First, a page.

January 17, 2014

Egyptian ‘Spice Bazaar’ Heats up Istanbul

Founded 350 years ago, the Egyptian market in Istanbul—a hub for trading spices and seasonings between East and West—continues to entice customers.

The market was originally built during the reign of Sultan Murad in 1597, with the aim of raising funds for the “New Mosque”—known as Yeni Valide Camii in Turkish—which still stands near the marketplace. Rental income from the market continues to fund the running of the historic mosque.

The market officially opened in 1664, around 70 years after its construction began. Its distinguishing features include its stone walls and floors, as well as its ornate domes and L-shaped design. It is also the second-largest bazaar in Istanbul, consisting of 88 chambers, 21 of which sell gold and copper, 10 sell gifts and luxury goods, four sell clothing, and the remaining 53 sell herbs, spices, nuts, condiments, cheeses, sausages, dried fruits, jams and dried vegetables, which are a specialty of the market.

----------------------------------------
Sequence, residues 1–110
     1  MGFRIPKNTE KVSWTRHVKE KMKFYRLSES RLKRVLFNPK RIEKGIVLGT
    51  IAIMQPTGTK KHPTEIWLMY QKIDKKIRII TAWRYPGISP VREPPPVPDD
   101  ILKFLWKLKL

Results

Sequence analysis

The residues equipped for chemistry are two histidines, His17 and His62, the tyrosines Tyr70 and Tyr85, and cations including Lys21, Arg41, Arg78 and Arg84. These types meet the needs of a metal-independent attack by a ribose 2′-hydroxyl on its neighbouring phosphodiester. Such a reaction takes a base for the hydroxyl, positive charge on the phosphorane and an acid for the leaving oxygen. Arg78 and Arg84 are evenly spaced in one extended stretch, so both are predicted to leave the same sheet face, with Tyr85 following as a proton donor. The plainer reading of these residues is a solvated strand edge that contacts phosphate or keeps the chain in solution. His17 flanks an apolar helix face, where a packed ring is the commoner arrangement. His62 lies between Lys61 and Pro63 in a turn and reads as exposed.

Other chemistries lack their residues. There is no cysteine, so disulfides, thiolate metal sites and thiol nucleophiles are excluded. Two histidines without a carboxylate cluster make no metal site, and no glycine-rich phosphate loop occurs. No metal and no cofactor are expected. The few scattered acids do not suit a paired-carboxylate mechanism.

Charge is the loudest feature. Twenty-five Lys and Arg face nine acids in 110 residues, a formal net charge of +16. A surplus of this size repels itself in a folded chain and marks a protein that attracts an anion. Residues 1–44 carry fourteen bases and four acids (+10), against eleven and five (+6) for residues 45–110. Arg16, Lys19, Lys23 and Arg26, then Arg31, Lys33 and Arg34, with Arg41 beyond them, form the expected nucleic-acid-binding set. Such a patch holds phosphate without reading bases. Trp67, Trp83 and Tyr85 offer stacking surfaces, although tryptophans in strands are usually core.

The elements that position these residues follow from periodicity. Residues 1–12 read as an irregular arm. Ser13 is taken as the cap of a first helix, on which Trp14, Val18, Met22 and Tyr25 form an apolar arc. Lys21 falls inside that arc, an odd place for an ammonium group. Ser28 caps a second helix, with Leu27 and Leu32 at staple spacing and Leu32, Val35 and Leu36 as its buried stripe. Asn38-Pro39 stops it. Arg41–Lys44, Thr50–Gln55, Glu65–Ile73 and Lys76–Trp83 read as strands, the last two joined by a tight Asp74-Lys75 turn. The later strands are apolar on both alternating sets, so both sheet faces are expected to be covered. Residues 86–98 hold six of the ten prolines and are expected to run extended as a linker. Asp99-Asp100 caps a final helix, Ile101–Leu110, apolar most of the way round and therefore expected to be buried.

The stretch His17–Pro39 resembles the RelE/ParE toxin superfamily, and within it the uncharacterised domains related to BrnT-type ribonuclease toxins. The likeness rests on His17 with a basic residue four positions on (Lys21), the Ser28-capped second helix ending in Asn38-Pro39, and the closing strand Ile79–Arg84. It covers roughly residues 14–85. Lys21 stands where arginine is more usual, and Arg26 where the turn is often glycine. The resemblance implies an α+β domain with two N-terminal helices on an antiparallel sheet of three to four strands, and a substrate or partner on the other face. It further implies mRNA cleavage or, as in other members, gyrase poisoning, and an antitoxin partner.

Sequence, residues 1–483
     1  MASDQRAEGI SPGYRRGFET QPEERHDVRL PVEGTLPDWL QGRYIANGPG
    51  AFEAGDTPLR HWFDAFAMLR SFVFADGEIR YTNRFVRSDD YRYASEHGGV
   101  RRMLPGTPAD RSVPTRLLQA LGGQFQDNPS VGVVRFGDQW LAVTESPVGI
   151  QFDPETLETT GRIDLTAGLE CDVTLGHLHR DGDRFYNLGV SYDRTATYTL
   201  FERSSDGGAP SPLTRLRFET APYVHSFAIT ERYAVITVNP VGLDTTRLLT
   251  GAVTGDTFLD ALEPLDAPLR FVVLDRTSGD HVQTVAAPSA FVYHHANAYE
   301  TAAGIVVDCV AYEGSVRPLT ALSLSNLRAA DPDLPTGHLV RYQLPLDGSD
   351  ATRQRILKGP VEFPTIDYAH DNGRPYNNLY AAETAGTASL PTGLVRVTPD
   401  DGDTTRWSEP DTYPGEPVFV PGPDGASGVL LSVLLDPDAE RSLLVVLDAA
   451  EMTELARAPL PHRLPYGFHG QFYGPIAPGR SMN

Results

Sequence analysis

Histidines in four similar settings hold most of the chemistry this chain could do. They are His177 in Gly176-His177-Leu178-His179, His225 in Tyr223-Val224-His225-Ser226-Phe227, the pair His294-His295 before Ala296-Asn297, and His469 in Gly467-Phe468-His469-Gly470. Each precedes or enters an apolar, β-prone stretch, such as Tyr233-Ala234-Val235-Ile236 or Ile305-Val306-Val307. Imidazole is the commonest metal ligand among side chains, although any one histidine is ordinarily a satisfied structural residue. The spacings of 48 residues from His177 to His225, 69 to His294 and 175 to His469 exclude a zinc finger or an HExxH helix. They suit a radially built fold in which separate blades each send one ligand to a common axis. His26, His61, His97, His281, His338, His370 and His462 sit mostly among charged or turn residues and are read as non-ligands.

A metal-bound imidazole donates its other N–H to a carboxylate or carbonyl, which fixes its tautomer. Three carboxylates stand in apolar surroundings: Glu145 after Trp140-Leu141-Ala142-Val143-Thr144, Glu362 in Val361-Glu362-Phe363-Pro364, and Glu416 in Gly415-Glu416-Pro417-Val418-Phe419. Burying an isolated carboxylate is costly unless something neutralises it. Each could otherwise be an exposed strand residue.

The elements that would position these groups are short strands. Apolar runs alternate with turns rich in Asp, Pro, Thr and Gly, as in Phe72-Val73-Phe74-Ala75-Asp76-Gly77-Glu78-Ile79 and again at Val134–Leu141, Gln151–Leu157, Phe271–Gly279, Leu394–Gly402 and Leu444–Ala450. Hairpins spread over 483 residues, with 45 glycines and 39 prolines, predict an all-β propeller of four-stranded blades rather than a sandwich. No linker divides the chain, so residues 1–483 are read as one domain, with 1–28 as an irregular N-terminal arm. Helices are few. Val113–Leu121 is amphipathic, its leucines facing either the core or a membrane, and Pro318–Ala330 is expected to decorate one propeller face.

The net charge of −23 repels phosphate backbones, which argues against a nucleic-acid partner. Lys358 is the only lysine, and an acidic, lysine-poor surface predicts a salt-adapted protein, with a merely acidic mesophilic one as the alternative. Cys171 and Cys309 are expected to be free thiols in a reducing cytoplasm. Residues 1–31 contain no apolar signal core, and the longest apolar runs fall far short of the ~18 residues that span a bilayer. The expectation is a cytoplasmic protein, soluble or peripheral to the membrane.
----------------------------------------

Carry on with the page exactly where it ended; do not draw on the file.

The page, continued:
The market also sells beauty products made from natural ingredients, such as henna, natural sponges, oils and rosewater. Moreover, there are many powders that were traditionally used in Turkish baths as a means of purifying the skin and looking after it. 

Read more on Asharq Al-Awsat: Egyptian ‘Spice Bazaar’ Heats up Istanbul


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